“A PhD is not a 9-to-5 job. It’ll take over your life. Become an obsession. You’ll eat, sleep, and drink it.”
These were just some of the words of encouragement given to me by various professors and postdoctoral students during the first month of my PhD.
Not long ago, there was a great article in the Guardian (link here) claiming that there is a “culture of acceptance” around mental illness in academia. However, the “culture of acceptance” is not of mental health problems itself but rather the lifestyle leading up to them.
Students and professors alike brag about working long hours and getting too little sleep. It’s almost like an academic one-upmanship to see who can work the hardest before we finally crack. But if you ask us how we are doing, we’ll just smile and say “Glorious, as always!” no matter how shitty things really are. (There’s actually a guy in my department who says that and part of me wants to turn to him and say, “no one is always glorious.”)
Excuse the cliché, but mental illness really is the elephant in the room. We all know it’s there but even if that elephant is sitting on us, crushing us under its weight, we’re afraid to speak up for fear of being judged.
What we need in academia is to develop a true “culture of acceptance” around mental illness. One in which it is OK to talk about mental health before it becomes a problem. But how? This is an honest question, something I’ve been thinking about for a while now. If you have any ideas or experiences related to attitudes towards mental health/illness at university, comments are most welcome :)
I never planned on writing about mental illness. In fact, when I started keeping a blog I was determined to not write about mental illness- especially my own. That was done. Over. In the past.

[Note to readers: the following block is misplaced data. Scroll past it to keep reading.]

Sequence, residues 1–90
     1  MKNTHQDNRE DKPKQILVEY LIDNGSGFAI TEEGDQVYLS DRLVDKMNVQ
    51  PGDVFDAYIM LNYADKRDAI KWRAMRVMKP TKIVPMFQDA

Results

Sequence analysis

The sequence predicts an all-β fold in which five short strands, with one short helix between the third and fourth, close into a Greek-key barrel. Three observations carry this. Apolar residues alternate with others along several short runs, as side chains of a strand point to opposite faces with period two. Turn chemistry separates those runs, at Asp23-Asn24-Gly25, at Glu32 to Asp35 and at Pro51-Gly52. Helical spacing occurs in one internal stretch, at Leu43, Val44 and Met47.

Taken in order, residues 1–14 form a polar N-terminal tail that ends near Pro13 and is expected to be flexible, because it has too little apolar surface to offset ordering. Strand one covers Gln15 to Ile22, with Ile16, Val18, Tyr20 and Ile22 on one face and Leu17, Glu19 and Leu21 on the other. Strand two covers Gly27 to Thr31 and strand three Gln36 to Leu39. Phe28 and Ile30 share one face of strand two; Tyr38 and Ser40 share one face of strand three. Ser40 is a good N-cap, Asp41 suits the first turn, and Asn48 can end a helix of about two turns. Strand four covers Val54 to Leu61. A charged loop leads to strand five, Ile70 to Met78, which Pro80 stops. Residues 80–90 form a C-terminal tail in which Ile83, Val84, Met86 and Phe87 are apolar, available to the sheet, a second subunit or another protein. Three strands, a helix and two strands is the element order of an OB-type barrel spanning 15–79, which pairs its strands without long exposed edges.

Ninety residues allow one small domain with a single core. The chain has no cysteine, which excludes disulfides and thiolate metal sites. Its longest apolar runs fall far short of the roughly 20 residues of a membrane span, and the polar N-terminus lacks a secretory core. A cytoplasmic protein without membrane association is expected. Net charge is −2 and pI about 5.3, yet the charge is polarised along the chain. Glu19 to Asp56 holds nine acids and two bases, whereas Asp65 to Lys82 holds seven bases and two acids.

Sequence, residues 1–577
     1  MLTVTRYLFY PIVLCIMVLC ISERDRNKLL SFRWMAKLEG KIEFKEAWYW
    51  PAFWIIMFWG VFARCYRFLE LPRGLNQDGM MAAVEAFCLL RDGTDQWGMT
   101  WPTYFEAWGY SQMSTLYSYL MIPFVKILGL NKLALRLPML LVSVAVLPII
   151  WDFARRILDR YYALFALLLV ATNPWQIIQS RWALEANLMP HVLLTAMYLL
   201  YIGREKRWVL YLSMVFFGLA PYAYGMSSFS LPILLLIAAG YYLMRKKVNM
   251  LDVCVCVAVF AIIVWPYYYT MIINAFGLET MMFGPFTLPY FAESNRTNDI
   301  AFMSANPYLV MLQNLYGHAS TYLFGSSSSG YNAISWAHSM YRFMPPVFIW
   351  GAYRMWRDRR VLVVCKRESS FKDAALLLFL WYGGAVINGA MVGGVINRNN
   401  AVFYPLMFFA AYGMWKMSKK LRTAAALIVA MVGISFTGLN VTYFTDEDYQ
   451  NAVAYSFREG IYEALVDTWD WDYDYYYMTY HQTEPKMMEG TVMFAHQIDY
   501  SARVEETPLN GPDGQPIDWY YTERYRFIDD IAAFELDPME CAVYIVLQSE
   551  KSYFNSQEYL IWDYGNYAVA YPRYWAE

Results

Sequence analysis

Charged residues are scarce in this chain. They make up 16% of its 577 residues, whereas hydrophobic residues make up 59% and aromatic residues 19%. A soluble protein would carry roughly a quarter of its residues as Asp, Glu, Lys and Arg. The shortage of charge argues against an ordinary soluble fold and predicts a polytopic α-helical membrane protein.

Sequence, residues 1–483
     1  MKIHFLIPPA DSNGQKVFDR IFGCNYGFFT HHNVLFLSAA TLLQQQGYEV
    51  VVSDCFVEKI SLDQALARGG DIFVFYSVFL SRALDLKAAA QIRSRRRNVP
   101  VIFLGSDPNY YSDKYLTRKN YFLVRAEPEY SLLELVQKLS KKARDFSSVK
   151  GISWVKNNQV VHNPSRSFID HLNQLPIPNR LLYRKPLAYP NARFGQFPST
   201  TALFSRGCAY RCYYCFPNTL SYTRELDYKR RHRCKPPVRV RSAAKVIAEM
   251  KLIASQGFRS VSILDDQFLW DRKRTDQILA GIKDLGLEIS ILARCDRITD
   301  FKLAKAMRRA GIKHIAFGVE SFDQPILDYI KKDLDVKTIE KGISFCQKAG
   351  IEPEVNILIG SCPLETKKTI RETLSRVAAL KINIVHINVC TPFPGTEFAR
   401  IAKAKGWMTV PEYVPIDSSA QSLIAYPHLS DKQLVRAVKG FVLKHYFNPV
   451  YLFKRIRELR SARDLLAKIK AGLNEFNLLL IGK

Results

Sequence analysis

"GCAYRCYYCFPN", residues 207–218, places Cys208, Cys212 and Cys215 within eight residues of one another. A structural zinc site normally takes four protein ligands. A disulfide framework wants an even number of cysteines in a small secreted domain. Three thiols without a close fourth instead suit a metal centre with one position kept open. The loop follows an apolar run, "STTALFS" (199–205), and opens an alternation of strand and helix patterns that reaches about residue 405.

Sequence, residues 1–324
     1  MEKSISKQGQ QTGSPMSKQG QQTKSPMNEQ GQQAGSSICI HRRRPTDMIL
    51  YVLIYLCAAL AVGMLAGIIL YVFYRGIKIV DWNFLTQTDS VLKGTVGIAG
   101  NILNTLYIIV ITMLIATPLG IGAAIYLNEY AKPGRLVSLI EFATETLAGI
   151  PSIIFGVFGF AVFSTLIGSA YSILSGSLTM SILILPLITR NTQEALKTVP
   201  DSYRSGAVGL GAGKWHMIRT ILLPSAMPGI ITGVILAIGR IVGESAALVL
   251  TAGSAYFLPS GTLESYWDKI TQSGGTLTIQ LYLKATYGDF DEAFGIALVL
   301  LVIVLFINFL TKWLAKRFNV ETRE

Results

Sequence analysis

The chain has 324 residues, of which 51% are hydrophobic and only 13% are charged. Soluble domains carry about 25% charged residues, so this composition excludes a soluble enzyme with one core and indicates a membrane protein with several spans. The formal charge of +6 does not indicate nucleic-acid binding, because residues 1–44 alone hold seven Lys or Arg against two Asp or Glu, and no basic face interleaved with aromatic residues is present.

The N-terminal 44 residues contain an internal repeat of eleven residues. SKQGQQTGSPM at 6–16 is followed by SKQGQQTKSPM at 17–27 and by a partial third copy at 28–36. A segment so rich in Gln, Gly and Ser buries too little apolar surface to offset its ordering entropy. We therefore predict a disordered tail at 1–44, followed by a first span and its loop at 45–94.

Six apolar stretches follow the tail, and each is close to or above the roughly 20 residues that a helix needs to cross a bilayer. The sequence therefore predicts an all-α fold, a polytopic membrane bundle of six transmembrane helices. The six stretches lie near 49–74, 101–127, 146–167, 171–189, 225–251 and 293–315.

However, I slowly realised that it would never be done or over or in the past. Although my illness does not define me, my illness (and perhaps more importantly my recovery) has made me who I am and shaped how I experience the world. It’s why I cry after a great night out with my coursemates and laugh when I get caught in the rain.
Yet its the one thing I cannot talk about with others. And even if I can, I often struggle to find the right words and become frustrated if (or when) they don’t understand. But how can I expect them to?
And so I write. Not because I think my experience is unique, but because it isn’t. Not because I think I have all the answers, but because I’m still grappling with my own questions. Not because I want to become an world-famous blogger, but because I just want to feel less alone.
For many of us, the most dangerous point in our illness is when it becomes our identity. When we can’t imaging our lives or ourselves without it.
No matter how many times doctors and therapists try to separate us from our illness by telling us that it’s a ‘brain disorder,’ we still feel as if it is this dark but integral part of ourselves without which we’d be but a shell. Or was that just me?
I don’t know when or how that started to change for me, but I know why. I’ve been lucky enough to have a few people in my life who stubbornly refuse to accept my illness as my identity, no matter how fundamentally and irreversibly f***ed up I think I am. They’re the people that see me when I can’t stand to look at myself. I owe the world to those people because now, just every once in a while, I can see myself through their eyes.
I didn’t believe my supervisor when he said that the first month(s) of a PhD are like driving through fog. Or rather, I believed that might be true for some people but that if I planned everything just right, I could somehow navigate my way around it.
Now I feel as if I am lost in a dense cloud of uncertainty, insecurity, and anxiety. Every day I spend my days scouring journal articles, hoping to find some clue as to where I am and which direction I should go. But it’s not easy. Each article seems to provide multiple often conflicting directions.